Grace's Guide

British Industrial History

Grace's Guide is the leading source of historical information on industry and manufacturing in Britain. This web publication contains 148,138 pages of information and 233,680 images on early companies, their products and the people who designed and built them.

Thomas Checkley

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Thomas Checkley (1834-1880)

1881 Obituary [1]

THOMAS CHECKLEY was born at Ettingshall, near Wolverhampton, on 7th June 1834, his father, Mr. William Checkley, being a mining engineer.

After being educated at Queen Mary's School, Walsall, he followed the same profession in that town, where he also took a prominent part in all public affairs, being twice elected mayor, and subsequently appointed one of the borough justices.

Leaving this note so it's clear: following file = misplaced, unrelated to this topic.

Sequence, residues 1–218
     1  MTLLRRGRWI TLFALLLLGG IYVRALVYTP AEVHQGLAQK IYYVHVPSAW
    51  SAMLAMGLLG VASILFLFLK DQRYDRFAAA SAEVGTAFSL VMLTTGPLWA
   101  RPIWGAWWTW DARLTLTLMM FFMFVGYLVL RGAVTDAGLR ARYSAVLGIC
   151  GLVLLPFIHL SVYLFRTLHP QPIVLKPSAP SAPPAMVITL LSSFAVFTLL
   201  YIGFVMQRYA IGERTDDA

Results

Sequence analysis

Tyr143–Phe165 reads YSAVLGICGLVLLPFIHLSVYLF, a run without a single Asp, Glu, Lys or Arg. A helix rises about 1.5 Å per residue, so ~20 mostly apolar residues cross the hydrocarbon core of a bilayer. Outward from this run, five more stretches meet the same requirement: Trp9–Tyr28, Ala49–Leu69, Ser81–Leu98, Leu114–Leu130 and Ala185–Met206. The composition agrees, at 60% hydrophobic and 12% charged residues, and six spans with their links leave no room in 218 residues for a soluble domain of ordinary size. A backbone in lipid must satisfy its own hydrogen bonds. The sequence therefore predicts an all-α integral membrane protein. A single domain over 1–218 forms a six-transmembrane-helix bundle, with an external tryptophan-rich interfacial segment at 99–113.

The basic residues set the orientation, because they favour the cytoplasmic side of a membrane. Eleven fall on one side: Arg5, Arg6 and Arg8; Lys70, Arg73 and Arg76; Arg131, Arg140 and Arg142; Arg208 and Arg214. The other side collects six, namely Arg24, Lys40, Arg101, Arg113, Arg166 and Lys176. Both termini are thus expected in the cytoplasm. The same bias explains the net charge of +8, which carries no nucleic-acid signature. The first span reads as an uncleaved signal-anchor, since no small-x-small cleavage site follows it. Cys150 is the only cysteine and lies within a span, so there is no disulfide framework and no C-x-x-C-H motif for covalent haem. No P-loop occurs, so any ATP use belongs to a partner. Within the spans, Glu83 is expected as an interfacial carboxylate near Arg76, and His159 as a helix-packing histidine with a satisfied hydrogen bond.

He was interested in several collieries in the neighbourhood, in the management of which he took a very active part.

In 1875, in reporting upon proposals made for sinking for the Thick Coal under the New Red Sandstone, on the Hamstead estate near Birmingham, he predicted that it would be found at a depth of about 600 yard.; and in 1880 it was so found at 615 yards, of a thickness between 20 and 30 feet; and this in a neighbourhood where no previous attempt had been made for its discovery.

At the inundation of the Pelsall Colliery he rendered great assistance in the efforts to extricate the men and to relieve the sufferers, and subsequently prepared a very able report on the disaster.

After a very painful illness he died at Walsall on 23rd September 1880, at the age of forty-six.

He became a Member of the Institution in 1869.

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